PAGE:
Lunch was decided to be bought from the cafe beside the kind Turkish grandmother's store because the night before, we had our noses pressed up against the display window.
The guy spoke English. Enough to explain every single dish there is and to ask if we wanted to eat there or to pack it up. With a hand motion of wrapping up.
What we had:
|Food: Two rice, 9 stuffed mussels, eggplants, chicken, two sodas.|
Total: 34 Turkish Lira if I am not mistaken.
Rice, chicken cooked in some kind of tomato sauce, eggplant cooked with beef.
We also before that bought stuffed mussels sold on the street side.
Note: Although our parents told us to not eat street food ... come on. We want to taste Istanbul, so we did.
The mussels, were stuffed with a kind of sticky rice cooked with herbs and they provided lemon wedges as well. AMAYZING.
While eating and moaning in delight, we decided to rest before going out around 4pm to get dinner.
Rest = Me napping while Eli smoked and looked up the fish market in her guidebook. I helped a bit by asking Google what should we eat in Istanbul.
"It says Balik Pazari is the place to go. Fish market that is in one of the lanes perpendicular to Istikal Cadessi."
We both looked up Google Maps and somehow, read it differently. Like, totally differently.
We also at that point of time did not know that the Cadessi is:
1. 1.4 km long
2. Has about 3,000,000 visitors on a weekend day.
3. Has about 4 Starbucks, 4 McDonald's, 3 KFC, 2 Burger King.
I am sure you can guess what happened.
Yeap, we got lost and walked around a lot. Before we decided to walk the opposite direction, and further on. Before finally stumbling into it.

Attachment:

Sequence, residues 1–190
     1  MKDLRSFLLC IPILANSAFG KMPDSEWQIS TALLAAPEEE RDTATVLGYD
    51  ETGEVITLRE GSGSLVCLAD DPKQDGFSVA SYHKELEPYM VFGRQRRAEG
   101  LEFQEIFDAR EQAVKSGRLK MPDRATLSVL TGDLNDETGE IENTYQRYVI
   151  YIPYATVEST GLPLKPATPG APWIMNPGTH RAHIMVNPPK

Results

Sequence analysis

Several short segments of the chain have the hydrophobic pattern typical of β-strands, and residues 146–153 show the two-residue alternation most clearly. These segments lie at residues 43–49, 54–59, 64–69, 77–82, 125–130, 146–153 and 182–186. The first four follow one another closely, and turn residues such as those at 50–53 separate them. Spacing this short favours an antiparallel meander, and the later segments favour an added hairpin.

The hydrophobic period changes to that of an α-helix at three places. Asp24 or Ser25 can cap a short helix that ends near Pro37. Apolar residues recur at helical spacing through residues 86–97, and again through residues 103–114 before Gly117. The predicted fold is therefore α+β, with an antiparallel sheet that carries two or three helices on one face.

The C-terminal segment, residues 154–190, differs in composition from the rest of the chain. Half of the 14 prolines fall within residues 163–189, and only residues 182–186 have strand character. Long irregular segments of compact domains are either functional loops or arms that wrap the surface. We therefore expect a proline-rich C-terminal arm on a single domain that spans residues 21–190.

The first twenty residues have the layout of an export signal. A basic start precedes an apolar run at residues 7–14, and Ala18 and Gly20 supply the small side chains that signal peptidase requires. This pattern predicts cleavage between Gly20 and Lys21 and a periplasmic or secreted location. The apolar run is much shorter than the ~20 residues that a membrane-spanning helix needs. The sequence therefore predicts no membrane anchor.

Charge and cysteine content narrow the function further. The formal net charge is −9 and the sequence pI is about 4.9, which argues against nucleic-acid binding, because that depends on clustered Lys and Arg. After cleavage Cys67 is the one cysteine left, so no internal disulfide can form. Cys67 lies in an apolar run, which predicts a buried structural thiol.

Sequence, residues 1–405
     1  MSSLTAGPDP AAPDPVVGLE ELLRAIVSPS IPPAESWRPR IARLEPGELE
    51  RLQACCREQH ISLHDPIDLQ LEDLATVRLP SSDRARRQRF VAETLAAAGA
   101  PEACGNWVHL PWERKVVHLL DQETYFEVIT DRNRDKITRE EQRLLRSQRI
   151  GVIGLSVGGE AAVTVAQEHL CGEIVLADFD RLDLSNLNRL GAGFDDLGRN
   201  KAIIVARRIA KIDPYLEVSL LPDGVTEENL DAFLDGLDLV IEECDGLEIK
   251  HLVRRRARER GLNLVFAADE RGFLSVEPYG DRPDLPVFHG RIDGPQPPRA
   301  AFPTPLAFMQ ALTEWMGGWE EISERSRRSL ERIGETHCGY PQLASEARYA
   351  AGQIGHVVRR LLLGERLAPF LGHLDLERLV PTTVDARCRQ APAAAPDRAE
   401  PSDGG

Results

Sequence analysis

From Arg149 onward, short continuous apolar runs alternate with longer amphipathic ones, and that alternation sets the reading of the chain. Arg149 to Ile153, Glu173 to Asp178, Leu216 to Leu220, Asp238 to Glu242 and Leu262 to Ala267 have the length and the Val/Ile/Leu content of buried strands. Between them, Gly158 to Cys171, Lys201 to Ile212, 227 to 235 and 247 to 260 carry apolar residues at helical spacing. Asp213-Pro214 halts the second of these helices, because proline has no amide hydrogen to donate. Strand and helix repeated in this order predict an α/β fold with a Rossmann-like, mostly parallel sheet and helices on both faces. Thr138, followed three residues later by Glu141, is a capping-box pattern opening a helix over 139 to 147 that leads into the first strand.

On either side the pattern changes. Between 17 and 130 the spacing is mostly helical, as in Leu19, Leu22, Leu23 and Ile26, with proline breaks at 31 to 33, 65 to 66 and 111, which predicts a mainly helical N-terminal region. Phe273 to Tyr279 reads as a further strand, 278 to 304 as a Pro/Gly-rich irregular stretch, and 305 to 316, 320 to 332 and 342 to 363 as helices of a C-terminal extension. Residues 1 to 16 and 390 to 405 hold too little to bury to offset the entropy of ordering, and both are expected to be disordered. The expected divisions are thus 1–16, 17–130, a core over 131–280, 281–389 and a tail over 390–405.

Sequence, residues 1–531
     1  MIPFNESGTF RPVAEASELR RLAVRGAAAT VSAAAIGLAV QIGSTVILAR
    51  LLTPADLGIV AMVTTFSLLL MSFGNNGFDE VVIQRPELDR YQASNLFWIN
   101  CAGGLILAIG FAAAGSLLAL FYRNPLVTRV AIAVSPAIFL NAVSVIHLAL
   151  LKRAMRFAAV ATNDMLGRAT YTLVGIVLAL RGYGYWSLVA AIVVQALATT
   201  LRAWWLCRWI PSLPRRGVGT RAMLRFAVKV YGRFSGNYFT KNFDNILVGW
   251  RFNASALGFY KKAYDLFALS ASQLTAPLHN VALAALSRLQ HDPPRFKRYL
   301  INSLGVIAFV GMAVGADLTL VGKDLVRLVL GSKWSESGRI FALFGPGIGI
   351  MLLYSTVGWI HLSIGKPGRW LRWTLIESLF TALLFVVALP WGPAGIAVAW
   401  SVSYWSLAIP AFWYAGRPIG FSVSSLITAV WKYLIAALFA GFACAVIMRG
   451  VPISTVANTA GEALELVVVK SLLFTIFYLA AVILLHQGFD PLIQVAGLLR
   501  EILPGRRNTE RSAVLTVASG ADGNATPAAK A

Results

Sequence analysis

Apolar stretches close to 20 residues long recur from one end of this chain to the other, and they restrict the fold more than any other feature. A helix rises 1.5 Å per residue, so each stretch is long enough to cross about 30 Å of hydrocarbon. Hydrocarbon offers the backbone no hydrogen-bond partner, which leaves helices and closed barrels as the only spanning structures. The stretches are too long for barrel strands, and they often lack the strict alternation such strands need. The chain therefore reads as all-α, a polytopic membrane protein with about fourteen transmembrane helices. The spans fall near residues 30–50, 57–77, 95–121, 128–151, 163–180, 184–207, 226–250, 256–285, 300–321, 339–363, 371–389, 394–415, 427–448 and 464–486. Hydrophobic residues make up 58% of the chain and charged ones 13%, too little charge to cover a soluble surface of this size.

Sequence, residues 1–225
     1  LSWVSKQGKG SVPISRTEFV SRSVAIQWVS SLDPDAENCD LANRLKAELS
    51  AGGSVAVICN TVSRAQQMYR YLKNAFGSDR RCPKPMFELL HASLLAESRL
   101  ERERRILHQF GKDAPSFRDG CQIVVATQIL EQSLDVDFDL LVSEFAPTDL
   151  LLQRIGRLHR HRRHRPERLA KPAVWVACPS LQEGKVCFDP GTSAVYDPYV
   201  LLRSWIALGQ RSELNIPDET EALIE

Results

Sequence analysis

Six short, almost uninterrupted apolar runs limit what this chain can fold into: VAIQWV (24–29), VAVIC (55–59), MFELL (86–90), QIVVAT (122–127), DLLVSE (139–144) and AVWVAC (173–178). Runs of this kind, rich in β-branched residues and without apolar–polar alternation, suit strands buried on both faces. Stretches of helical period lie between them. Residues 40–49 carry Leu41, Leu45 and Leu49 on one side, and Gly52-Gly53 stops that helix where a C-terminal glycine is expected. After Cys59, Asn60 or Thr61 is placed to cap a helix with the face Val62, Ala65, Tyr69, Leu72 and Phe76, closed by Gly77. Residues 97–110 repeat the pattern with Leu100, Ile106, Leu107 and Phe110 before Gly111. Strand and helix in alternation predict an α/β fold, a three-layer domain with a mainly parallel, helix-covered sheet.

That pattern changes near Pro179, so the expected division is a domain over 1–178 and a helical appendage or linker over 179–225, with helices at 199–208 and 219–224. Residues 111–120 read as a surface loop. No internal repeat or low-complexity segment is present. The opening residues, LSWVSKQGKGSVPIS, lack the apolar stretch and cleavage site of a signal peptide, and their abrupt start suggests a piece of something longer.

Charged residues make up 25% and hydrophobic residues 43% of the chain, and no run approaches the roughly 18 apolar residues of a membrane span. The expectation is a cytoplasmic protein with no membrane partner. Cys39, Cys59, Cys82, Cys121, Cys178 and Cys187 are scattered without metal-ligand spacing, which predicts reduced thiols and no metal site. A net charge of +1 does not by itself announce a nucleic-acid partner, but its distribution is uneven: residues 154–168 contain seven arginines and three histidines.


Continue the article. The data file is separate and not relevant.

Let me tell you that while we were searching, we had to power walk because if you didn't, you might just get trampled by the crowd. The number of people left us breathless and we had to stop at the sides to catch our breath.
Note: Amount of hot guys were astounding too.
We walked down the sloping lane, surrounded by seafood restaurants and fishmongers. There were few other lanes from those, and one was mostly for bars.
|Common tourist gifts. But, I was worried on how to fit these in my luggage.|
We stopped at a store that sell teas, bowls and spices, and Eli, using her charms and language skills, asked one of the attendants where are the shisha bars.
Note: The guy was interested in her coloured contact lenses.
"Are you hungry yet, Hanis?"
"Nope. Shisha time?"
"Yeah. The guy said from the Balik Pazari arch, go left for 250 metres, and it is on the right."
Seeing as we are not professional walkers, we were stumbling blind guessing the distance.
We were giving up and decided to stop at a corner into a lane for a breather when, as the theme of our trip, we found the place by accident.
There were very comfortable sette chairs for us to sit on. Eli ordered apple shisha, and I decided not to break my shisha cherry.
1. Mama will kill me.
2. The cold was already giving me pre-asthma attack symptoms.
But man, the smell of the shisha was so good that I was closing my eyes and inhaling the scent.
While Eli was trying to choose the shisha she want, I had my phone unlocked in my hand, and what the waiter did and this is pretty normal there apparently, took my phone and logged into the cafe's wifi and typed in the password.
Imagine the look on our faces when he took my phone.
Most cafes and restaurants has Wifi and if the waiter does not grab your phone from your hand, just ask them if they have wifi and they will be happy to type in the password.
I had apple tea. AND IT REALLY WAS SOOTHING ON THE SOUL.
It was warm and juicy, and really hit the spot. Eli had cinnamon tea, really strong. We enjoyed sitting outdoor, at 5pm (dark already), enjoying the cold and warmth of tea.
Then, we got hungry.
We went back to the seafood lane and went into a cafe, all warm and bright and decided to order:
Fried Mussels and Calimari Rings.
They came with a garlic creamy sauce, and of course there was free bread on the table and a bowl of pickled small peppers.
"Surely not cili padi (spicy small peppers us Malaysians love)." - Famous words said by Hanis before she bit into one.
It was really really spicy.
The food was really filling and we stumbled back home, proud of ourselves.
I was still jetlagged so by 8pm I was snoring in bed, and wide awake at 3 am (9 am in Malaysia). This was the pattern for half of the trip there.